"The Sisters Brothers" spins a unique Western yarn                "Colette" is another period piece showcase for Kiera Knightley                John C. Reilly looks like a late breaking Academy Award player in the Trailer for "Stan & Ollie"                Brie Larson saves the day in the First Trailer for "Captain Marvel"                The Toronto International Film Festival boosts "Green Book" with its Top Prize                Updated Academy Award predictions for early September                "White Boy Rick" is a compelling character study and period piece                Taking a look at potential Best Supporting Actress contenders                Shane Black gives "The Predator" his signature clever spin                Venice Film Festival award winners include "The Favourite" and "Roma"                Taking a look at potential Best Supporting Actor contenders                Watch out for Ben Foster in Best Supporting Actor for "Leave No Trace"                "The Favourite" releases a new Trailer to build off of its positive festival buzz                "All About Nina" and "Fahrenheit 11/9": Films to look forward to in September                Trailer for "The Front Runner" and Buzz from Telluride suggest another Oscar player for Jason Reitman        

George Clooney talks aging, being a “character actor” – AWARDS ALLEY

By Sean O’Connell
Hollywoodnews.com: Brad Pitt mentioned it in a recent EW.com cover story: He was glad to be past the “pretty face” stage of his career because he found aging more interesting.

There’s a “Benjamin Button” joke in there somewhere. But his comments shine a light on a distinct problem still plaguing Hollywood. How do actors continue to find engaging parts as they grow older? Warren Beatty, Clint Eastwood and Robert Redford moved behind the camera. Other stars began producing passion projects in an effort to carve out memorable parts.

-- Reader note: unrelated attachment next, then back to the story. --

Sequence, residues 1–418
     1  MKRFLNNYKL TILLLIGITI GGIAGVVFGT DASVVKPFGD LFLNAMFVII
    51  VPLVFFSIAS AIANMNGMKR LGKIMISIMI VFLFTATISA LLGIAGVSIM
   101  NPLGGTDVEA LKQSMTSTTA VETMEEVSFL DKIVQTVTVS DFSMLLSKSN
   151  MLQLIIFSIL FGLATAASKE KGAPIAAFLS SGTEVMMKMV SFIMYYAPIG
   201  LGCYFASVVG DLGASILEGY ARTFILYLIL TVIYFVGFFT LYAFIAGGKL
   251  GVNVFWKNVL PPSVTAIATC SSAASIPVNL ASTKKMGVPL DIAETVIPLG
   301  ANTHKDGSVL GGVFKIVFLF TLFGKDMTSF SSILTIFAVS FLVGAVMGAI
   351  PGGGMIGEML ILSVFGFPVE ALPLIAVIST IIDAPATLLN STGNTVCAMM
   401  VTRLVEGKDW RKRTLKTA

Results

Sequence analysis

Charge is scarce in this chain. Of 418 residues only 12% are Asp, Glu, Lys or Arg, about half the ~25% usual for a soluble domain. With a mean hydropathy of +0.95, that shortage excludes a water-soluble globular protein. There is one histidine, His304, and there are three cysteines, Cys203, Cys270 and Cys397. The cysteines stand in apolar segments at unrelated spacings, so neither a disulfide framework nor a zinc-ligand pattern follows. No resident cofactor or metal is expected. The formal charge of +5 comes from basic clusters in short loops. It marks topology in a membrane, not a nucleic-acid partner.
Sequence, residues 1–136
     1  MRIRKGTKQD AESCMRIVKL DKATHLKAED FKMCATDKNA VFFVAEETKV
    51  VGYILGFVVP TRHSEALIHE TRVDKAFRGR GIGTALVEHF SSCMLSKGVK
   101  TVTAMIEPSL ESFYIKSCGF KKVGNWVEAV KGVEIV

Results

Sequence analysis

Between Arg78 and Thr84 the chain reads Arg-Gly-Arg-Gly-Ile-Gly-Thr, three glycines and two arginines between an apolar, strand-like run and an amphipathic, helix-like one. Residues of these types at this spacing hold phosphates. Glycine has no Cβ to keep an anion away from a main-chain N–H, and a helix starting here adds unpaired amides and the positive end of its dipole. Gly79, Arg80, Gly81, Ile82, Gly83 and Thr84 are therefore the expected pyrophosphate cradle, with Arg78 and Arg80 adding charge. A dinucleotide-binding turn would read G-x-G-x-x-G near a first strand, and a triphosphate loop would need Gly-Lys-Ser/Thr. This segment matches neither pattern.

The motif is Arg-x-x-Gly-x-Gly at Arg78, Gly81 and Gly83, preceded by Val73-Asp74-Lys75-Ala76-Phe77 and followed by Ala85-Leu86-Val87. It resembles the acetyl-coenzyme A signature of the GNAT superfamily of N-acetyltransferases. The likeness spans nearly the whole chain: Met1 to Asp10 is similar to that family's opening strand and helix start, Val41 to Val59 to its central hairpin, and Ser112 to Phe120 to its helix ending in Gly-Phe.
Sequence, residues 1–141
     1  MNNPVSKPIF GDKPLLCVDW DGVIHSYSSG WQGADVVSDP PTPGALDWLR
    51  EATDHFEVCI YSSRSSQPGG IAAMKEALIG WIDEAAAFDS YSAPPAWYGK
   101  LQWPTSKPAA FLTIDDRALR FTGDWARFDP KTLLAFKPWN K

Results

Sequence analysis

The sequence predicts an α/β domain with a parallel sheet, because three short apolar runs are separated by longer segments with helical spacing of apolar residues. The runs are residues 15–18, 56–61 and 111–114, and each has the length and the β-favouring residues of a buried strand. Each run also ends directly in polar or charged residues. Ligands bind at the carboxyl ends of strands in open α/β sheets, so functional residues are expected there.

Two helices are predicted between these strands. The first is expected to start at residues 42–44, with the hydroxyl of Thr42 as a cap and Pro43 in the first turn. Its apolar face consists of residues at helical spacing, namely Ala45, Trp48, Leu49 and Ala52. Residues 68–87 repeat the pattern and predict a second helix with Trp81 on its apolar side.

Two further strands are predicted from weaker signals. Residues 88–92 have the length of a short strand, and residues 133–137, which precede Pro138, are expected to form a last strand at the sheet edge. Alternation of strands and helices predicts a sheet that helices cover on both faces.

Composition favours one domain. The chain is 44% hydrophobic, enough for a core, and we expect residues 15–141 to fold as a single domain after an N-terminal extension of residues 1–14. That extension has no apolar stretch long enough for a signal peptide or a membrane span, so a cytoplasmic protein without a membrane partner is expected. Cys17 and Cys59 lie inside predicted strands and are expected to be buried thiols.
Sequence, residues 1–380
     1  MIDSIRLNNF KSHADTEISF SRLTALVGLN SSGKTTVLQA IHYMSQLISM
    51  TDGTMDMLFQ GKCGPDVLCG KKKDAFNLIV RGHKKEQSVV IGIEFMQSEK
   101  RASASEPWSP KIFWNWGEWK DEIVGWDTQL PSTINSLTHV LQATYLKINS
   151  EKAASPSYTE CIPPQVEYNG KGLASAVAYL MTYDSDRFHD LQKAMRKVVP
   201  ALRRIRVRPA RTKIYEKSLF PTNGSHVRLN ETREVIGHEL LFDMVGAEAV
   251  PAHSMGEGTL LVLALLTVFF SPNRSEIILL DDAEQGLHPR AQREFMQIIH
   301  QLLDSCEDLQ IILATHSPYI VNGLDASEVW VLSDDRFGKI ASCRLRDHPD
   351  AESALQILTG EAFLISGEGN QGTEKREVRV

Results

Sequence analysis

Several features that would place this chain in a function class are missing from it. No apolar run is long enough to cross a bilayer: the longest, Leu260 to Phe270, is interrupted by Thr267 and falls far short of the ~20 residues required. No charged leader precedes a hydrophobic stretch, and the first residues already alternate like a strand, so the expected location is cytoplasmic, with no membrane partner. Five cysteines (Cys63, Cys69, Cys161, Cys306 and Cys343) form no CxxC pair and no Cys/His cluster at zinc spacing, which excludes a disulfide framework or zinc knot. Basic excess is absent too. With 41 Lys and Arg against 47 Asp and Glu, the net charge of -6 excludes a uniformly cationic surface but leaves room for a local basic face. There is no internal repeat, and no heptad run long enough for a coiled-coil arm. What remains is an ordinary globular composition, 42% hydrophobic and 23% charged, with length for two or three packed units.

In this week’s Parade cover story, “Ides of March” and “Descendants” star George Clooney addressed the issue with his trademark brand of self-deprecating humor, calling himself “a character actor” at this stage of his career.

“I look at myself onscreen and go, ‘I don’t look like I did when I was 40 — I know that,'” Clooney said. “The people I’ve respected most in the industry over the years — Paul Newman, for instance. I just loved the way he handled growing old onscreen.”

But those who’ve seen Alexander Payne’s “The Descendants” — specifically Clooney’s layered performance as a disheveled yet well-meaning father — also understand that the actor probably couldn’t have delivered as compelling a performance had he tried to play Matt King, say, 10 years ago. The actor’s life experiences continue to inform his decisions in front of the camera. He knows when to be quiet, when to rise up to a scene, and when to listen to the actors in his scene.

Clooney’s work behind the camera, which started in 2002 with the underrated “Confessions of a Dangerous Mind,” probably also has helped him refine his acting techniques. But at this stage, as evidenced with his fantastic political drama “The Ides of March,” Clooney’s also just an outstanding talent scout, and he’s great at picking strong support in key roles.

As for “Ides,” Clooney revealed to Parade why he had to wait to get the film in front of audiences.

“We were in preproduction on this film in 2007, before the Obama election,” he said. “And then we realized that a good portion of the country was elated with what happened in that election, so we had to shelve the movie until people were cynical again.

“I didn’t think it would be quite this quick,” he added with a laugh.

“Ides” will be in theaters on Oct. 7.

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